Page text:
|William Hogarth, 1759, London. -Yale University|
On Tuesday the 20th of this Instant, was determined at New Kent Court House, the great Cock Match between Gloucester" and New Kent, for Ten Pistoles a Battle and an Hundred the Main, there fell Eighteen in the Match, of which the New Kent Men won Ten and Gloucester Seven, one a drawn Battle: Some James River Cocks that fell on the New Kent Side, distinguished themselves in a very extraordinary manner.
-Virginia Gazette, May 23, 1755
A pistole was worth anywhere from 18 to 22 shillings at the time.
Here below is an account of cock-fighting during the time of the Revolution by the Marquis de Chastellux as he traveled through the state.
" . . .we arrived at one o clock at Willis inn or ordinary*; for the inns which in the other provinces of America are known by the name of taverns, or public houses, are in Virginia called ordinaries. This consisted of a little house placed in a solitary situation in the middle of the woods, not withstanding which we there found a great deal of company. As soon as I alighted, I inquired what might be the reason of this numerous assembly, and was informed it was a cock-match. This diversion is much in fashion in Virginia, where the English customs are more prevalent than in the rest of America. When the principal promoters of this diversion, propose to match their champions, they take great care to announce it to the public, and although there are neither posts, nor regular conveyances, this important news spreads with such facility, that the planters, for thirty or forty miles round, attend, some with cocks, but all with money for betting, which is sometimes very considerable. They are obliged to bring their own provisions, as so many people with good appetites could not possibly be supplied with them at the inn. As for lodgings, one large room for the whole company, with a blanket for each individual, is sufficient for such hearty country men, who are not more delicate about the conveniences of life, than the choice of their amusements.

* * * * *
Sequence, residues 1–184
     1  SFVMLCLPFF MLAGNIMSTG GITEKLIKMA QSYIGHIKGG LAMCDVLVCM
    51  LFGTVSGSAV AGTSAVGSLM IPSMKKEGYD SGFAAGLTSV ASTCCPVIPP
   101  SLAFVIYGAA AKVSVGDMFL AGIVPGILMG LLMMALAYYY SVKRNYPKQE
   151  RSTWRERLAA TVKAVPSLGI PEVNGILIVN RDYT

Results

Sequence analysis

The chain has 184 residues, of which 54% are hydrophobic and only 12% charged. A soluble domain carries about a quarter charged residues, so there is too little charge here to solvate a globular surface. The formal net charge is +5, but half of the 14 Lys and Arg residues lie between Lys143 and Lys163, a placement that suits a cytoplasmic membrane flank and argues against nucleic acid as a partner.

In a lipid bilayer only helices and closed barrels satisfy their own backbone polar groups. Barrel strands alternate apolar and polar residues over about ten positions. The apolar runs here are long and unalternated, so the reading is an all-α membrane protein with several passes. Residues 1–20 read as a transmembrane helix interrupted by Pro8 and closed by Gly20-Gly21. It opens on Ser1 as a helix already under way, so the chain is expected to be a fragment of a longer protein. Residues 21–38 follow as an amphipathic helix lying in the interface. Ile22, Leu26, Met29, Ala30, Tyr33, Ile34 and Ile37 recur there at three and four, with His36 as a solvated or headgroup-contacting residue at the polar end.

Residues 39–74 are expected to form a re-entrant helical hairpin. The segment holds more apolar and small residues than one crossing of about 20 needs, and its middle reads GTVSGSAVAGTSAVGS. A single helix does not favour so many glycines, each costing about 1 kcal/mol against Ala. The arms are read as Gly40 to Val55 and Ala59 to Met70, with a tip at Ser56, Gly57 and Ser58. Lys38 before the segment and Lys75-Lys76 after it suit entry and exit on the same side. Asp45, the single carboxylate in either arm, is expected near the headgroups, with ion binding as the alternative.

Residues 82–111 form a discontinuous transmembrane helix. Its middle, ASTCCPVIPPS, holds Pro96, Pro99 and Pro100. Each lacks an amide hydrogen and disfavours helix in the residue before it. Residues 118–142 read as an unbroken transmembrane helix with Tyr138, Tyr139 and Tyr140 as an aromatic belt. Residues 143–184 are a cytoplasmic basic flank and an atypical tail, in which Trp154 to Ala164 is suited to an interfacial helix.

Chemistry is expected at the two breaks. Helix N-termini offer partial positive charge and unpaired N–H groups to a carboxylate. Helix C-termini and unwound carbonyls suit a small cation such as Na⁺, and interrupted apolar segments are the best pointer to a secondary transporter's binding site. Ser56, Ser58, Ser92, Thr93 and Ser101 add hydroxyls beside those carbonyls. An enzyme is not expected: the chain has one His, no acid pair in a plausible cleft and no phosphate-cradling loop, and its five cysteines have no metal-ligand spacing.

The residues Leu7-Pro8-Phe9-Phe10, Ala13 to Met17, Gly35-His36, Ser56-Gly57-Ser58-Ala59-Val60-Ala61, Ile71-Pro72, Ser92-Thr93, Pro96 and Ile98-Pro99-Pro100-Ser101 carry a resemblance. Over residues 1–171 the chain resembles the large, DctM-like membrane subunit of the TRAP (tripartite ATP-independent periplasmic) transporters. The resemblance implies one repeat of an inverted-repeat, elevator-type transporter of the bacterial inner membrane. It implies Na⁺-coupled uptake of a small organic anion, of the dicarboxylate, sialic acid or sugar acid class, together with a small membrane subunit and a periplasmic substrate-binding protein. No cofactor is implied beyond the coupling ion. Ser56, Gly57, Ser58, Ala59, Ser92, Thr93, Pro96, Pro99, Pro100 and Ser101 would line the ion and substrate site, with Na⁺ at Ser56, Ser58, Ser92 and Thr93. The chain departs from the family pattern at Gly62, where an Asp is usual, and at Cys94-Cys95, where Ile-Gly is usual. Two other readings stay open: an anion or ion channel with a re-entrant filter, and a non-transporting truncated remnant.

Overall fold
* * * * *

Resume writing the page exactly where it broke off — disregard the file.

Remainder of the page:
Whilst our horses were feeding, we had an opportunity of seeing a battle. The preparation took up a great deal of time; they arm their cocks with long steel spurs, very sharp, and cut off a part of their feathers, as if they meant to deprive them of their armour(sic). The stakes were very considerable; the money of the parties was deposited in the hands of one of the principal persons, and I felt a secret pleasure in observing that it was chiefly French. I know not which is the most astonishing, the insipidity of such diversion, or the stupid interest with which it animates the parties. This passion appears almost innate among the English, for the Virginians are yet English in many respects. Whilst the interested parties animated the cocks to battle, a child of fifteen, who was near me, kept leaping for joy, and crying, Oh! It is a charming diversion."
-TRAVELS NORTH AMERICA, IN THE YEARS 1780-81-82. BY THE MARQUIS DE CHASTELLUX, ONE OF THE FORTY MEMBERS OF THE FRENCH ACADEMY, AND MAJOR-GENERAL IN THE FRENCH ARMY, SERVING UNDER THE COUNT DE ROCHAMBEAU. TRANSLATED FROM THE FRENCH, BY AN ENGLISH GENTLEMAN, WHO RESIDED IN AMERICA AT THAT PERIOD. . . 1828
* Willis' Ordinary was in Louisa County
A good article on the subject from the CW Journal of autumn 2008.